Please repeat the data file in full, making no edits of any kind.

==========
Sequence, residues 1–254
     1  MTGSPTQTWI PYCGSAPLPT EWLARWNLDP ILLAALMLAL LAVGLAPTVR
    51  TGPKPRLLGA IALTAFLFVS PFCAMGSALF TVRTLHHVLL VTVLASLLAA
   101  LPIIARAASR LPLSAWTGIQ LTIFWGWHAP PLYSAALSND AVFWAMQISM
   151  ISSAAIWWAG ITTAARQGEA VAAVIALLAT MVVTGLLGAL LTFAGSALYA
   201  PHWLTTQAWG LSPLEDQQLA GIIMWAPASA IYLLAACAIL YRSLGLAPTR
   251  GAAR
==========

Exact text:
Sequence, residues 1–254
     1  MTGSPTQTWI PYCGSAPLPT EWLARWNLDP ILLAALMLAL LAVGLAPTVR
    51  TGPKPRLLGA IALTAFLFVS PFCAMGSALF TVRTLHHVLL VTVLASLLAA
   101  LPIIARAASR LPLSAWTGIQ LTIFWGWHAP PLYSAALSND AVFWAMQISM
   151  ISSAAIWWAG ITTAARQGEA VAAVIALLAT MVVTGLLGAL LTFAGSALYA
   201  PHWLTTQAWG LSPLEDQQLA GIIMWAPASA IYLLAACAIL YRSLGLAPTR
   251  GAAR